An incisional hernia occurs when abdomen muscle has been weakened by previous surgery, thus allowing the abdominal tissue to protrude through the weak point. Once this happens, the hernia emerges as a swelling beneath the skin, and could be sensitive or painful when touched. Incisional hernia normally results from incompletely-healed surgical wounds on the abdomen which could result from a number of factors which include infection, seroma or haematoma. This kind of hernia is usually small only allowing the abdominal cavity lining or the peritoneum to protrude. However, parts of organs are also likely to protrude through the muscle opening in severe cases.
The distinction between laparoscopic and open treatment is in how the defect is accessed and exposed. In open repair procedure, the incision of the abdominal wall is done over the defect. The interruption of the surrounding tissue during the procedure can lead to obstruction of blood vessels leading to loss of blood. In case large openings are made, there are high possibilities that hematomas, seromas and wound infections could result.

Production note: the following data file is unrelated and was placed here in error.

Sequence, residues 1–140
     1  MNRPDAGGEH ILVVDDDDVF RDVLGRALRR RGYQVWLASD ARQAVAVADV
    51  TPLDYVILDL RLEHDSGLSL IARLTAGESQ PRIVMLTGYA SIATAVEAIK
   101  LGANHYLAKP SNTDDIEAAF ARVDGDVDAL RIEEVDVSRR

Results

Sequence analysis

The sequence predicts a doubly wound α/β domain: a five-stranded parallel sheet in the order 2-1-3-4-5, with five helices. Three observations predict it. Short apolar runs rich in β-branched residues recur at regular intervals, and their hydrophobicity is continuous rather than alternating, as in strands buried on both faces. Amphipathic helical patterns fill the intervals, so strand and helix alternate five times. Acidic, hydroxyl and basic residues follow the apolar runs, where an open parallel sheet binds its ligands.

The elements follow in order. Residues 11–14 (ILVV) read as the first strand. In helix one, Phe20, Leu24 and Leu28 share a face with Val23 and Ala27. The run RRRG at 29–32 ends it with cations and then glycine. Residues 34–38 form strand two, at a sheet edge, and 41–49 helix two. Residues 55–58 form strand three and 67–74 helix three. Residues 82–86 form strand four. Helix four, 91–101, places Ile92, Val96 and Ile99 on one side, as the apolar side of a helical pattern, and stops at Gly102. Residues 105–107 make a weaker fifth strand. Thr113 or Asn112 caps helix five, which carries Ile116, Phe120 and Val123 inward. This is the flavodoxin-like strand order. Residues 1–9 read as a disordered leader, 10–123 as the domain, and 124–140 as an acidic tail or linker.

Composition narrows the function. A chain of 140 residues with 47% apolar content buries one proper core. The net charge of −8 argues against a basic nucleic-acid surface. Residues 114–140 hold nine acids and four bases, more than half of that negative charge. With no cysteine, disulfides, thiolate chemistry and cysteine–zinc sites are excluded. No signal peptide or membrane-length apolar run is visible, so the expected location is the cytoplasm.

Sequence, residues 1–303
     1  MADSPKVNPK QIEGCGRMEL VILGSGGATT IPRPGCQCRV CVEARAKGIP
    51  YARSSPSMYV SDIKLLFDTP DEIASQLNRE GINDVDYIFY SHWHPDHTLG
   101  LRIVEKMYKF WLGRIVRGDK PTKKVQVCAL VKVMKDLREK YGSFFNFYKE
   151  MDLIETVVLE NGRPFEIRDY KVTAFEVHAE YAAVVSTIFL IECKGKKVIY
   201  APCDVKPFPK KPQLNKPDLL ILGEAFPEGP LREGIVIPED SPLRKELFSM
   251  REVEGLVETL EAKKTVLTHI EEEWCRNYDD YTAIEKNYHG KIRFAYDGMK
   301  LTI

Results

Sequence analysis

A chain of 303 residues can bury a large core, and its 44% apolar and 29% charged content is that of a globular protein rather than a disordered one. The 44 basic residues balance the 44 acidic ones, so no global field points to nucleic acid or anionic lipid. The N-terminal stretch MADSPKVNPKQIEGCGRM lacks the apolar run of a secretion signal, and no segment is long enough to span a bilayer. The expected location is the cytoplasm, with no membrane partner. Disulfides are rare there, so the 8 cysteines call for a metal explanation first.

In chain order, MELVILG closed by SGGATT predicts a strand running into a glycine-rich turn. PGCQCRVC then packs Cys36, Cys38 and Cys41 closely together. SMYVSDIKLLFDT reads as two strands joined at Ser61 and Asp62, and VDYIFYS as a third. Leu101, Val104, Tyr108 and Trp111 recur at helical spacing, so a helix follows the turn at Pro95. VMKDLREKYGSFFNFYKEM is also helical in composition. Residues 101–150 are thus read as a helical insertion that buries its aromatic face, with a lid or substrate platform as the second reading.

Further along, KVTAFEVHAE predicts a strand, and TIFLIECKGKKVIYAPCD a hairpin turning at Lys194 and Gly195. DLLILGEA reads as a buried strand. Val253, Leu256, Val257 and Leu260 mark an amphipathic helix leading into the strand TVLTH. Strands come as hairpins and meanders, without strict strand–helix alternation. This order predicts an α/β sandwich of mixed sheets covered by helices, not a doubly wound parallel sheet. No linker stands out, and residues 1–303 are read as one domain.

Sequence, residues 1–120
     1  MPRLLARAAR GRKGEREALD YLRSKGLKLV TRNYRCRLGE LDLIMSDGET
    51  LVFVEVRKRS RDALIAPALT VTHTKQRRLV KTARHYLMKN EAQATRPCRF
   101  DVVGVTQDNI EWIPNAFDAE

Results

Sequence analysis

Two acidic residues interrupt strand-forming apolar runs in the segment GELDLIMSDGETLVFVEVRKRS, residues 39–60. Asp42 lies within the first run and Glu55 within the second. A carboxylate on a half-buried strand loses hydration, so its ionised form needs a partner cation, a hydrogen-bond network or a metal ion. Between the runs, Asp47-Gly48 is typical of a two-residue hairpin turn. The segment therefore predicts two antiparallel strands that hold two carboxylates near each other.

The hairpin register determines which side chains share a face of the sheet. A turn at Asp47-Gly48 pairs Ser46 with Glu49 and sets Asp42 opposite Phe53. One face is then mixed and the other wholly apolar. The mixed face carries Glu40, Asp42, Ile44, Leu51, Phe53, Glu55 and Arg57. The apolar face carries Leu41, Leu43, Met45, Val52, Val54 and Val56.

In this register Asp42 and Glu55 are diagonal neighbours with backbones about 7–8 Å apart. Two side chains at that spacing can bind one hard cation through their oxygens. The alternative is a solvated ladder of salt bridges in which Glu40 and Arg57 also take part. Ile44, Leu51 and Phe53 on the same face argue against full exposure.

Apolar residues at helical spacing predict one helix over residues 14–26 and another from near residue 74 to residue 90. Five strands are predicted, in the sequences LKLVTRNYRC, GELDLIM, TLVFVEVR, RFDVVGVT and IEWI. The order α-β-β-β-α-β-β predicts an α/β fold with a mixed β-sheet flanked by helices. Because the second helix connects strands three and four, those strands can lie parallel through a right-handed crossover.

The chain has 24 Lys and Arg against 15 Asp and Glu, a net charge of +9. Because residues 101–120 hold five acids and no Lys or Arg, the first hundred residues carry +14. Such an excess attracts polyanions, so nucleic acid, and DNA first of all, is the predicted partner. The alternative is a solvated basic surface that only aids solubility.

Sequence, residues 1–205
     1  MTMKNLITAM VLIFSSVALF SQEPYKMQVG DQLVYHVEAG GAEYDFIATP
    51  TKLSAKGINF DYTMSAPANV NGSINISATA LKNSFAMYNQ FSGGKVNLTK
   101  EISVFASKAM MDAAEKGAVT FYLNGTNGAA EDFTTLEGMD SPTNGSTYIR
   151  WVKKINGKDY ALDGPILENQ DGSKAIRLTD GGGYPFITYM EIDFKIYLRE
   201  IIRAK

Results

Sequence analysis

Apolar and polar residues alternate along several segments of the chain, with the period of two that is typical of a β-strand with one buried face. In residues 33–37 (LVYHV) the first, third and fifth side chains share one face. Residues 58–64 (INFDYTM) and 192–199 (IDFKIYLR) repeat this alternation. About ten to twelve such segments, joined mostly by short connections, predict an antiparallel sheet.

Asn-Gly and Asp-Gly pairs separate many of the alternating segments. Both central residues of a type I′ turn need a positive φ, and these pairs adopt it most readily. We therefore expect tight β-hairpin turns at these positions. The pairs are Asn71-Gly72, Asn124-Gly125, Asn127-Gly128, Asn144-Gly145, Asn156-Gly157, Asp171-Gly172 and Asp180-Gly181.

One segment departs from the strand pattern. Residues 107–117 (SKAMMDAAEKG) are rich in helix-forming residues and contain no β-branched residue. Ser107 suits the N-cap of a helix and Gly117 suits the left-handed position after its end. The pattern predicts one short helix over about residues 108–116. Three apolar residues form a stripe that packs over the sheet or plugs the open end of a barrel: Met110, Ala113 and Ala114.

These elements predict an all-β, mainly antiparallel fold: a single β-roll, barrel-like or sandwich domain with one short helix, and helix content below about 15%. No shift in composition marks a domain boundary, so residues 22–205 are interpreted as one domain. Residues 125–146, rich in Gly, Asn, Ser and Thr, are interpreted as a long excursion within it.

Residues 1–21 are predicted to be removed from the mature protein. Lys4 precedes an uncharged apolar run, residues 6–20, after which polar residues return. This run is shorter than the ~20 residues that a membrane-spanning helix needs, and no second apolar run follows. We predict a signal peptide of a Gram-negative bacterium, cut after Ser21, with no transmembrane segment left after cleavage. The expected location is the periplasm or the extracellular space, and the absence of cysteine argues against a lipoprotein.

On the other hand, laparoscopic ventral procedure includes the use of special surgical equipment to make small incisions. A videoscope and a TV are also employed during the procedure to monitor the repair process. This procedure minimizes the risk of accessing scar tissue from previous operations and the organs since only a small incision is made in a carefully chosen location on the abdominal wall. Other tiny incisions could be made during this incisional hernia repair as may be deemed reasonable and based on the scar tissue present and how well they are visible.
A laparoscope is slotted in through a small hollow tube and this along with the television camera enables the surgeon to see the hernia from within. Additional small incisions will also be made for insertion of extra apparatus to eliminate any scar tissue. These incisions also help in the insertion of surgical screen inside the abdomen. This patch is set beneath the hernia defect attaching in on the firm abdominal wall tissues. The surgeon uses the pitch to support the worn-out parts of the abdominal wall thus preventing hernia recurrence.
Dr El-Khoury will discuss the operation detailing the indications, the risks and the benefits of the surgery and will also supplement his discussions with the Royal Australasian College of Surgeons information on the surgery.